Politics has become the driving force within my fashion line messages. I believe there is an amazing opportunity to make a statement about our world through art, and then inspire change and open awareness. This is one of my main goals, and why I use so many political inspirations in my work. I believe Samsara can be one of the many voices to create a better world. If putting controversial statements on garments starts conversations, inspires change and makes someone evaluate their situation, then I have done my job.
You told us that you are striving for ‘the highest ethical standards of sustainable process, environmental responsibility and social transparency.’ Would you like to share some of the steps you take to achieve this goal?
The biggest change occurring at Samsara right now is my shift to becoming an ethical, sustainable, and transparent fashion label. The fashion industry is a complete mess when it comes to the amount of waste, poor labor conditions, and environmental disasters that have been occurring. Samsara is starting this process in a few ways.
1. Eco Friendly Fabric – The first step in all of this, in my opinion, begins with the fabrics we make clothing from. My next collection is made entirely of hemp fabrics and a few organic cottons. Cotton is one of the hardest crops to harvest, and is not sustainable in nature, while Hemp is one of the easiest crops to harvest. It requires no pesticides, and lasts longer than cotton. Hemp can be our future, as well as finding other fabric alternatives.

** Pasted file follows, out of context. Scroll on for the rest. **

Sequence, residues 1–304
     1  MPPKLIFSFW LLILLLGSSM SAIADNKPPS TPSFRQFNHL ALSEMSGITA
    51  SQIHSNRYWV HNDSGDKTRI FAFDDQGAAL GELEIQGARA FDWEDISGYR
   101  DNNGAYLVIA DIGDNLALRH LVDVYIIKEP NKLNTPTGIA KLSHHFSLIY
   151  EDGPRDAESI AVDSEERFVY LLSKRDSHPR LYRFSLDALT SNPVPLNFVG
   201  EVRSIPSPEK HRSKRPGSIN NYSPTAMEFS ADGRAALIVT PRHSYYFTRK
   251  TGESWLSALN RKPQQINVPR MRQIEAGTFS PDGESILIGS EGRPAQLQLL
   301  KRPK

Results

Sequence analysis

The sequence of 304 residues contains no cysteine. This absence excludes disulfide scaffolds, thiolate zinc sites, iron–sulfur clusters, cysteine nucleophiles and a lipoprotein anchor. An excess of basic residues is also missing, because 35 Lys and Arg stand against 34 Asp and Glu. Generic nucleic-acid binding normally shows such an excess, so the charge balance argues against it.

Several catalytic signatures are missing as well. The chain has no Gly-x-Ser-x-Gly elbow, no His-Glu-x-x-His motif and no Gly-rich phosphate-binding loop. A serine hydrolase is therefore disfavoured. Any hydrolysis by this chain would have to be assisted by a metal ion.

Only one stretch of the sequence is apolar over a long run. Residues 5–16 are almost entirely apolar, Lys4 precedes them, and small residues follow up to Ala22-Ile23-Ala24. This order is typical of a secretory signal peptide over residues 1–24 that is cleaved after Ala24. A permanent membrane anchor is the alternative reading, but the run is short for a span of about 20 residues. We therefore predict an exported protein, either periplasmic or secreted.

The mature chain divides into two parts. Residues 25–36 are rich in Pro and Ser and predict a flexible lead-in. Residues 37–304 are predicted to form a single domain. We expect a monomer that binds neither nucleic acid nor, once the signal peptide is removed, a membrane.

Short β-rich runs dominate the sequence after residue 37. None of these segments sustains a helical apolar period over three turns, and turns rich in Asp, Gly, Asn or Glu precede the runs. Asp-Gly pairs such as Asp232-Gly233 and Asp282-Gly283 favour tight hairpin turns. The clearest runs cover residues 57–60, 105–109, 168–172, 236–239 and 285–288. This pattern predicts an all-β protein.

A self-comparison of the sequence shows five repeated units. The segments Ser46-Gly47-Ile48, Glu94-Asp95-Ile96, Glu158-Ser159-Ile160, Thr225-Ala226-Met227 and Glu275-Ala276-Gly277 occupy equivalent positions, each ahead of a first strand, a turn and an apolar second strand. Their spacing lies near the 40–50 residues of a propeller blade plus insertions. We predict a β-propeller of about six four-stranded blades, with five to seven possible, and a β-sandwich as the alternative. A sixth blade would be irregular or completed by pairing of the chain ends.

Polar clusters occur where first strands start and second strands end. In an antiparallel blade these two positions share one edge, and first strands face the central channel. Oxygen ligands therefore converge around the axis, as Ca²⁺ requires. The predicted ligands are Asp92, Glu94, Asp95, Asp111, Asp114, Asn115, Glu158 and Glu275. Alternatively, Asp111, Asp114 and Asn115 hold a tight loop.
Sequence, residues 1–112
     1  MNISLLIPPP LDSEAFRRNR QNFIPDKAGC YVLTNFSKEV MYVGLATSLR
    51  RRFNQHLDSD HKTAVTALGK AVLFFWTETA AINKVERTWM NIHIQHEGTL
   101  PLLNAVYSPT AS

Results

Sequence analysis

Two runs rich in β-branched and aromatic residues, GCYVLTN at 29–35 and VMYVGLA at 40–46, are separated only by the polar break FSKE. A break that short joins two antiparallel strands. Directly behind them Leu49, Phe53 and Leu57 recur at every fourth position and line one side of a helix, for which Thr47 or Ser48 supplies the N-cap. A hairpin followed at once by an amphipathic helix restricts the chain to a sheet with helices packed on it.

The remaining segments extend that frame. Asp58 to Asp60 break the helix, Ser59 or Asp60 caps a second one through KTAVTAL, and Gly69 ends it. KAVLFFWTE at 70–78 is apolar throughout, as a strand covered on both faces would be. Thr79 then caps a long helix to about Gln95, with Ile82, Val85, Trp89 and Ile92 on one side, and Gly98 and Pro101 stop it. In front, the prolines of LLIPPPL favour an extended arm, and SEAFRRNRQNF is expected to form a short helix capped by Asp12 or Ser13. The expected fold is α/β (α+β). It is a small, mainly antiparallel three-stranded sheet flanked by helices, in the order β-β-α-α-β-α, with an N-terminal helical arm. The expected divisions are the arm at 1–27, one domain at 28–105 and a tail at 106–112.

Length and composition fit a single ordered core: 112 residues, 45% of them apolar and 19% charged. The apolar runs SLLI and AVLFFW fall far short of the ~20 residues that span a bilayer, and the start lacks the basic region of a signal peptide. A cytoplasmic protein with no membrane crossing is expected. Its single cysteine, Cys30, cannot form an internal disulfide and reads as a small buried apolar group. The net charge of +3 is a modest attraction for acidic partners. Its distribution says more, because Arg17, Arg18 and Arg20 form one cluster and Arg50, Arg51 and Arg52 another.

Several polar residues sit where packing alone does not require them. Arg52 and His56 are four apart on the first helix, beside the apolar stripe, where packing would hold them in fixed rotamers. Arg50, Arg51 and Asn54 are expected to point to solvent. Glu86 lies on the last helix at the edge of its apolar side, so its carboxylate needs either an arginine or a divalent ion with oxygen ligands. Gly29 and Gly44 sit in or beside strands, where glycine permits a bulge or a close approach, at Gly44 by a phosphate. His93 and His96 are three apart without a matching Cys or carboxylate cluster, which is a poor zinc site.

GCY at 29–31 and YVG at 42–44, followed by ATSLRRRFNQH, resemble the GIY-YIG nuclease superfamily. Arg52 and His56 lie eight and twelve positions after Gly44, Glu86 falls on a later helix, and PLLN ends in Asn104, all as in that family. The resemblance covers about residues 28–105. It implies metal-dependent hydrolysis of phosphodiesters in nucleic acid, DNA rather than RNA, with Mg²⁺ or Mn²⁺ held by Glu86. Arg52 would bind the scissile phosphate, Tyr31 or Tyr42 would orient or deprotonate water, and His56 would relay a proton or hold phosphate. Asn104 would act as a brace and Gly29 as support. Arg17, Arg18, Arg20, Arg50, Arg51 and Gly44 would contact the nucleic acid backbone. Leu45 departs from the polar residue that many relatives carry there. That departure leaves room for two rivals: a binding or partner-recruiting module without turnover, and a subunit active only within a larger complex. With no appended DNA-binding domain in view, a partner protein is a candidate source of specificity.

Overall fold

2. Transparency – In a corporate world full of lies, it is up to our young businesses and entrepreneurs to try something new: the TRUTH! Our goal at Samsara is to do things right, every step of the way. From fabric, to sourcing, to production, to pricing, we will remain transparent with what we do.
3. Ethical Capitalism – This is the most important thing of all. The biggest problem with business is that the main goal is profit. If this is your only goal, you will do whatever it takes to generate that profit.
At Samsara our goal is not just profit. We understand that in business you must make money, but this is not our main mission. Our main mission is to deliver fashionable products under ethical and social responsibilities, and profit comes after this fact. If the products are not produced ethically and we are not socially responsible, then the profit means nothing to us. This change is imperative if we want to continue in a capitalistic world. Feed the whole, then feed yourself, instead of feeding yourself and taking from the whole.
What is on the horizon for Samsara Collections? I’ve heard rumours that you’ll be making an appearance at Berlin Alternative Fashion Week, which is very exciting. Can you confirm?
We have a big fall lined up at Samsara. We have three shows lined up to showcase our first ethically produced fashion collection. The line is called No Body No Mind. We are first doing a show on September 26 with LA Fashion Week. This will be a live streamed performance that features a progressive take on fashion showcasing the clothes, music, and theatrics to create a more immersive environment. Then it will be off to Berlin to show at BAFW on October 1st. Finally we end in Mexico City with Crom Magazine on October 16th. I am very excited about the future of Samsara and think that with this latest collection I have matured as a Creative Director and designer. I think you will see that translated in the clothes as well.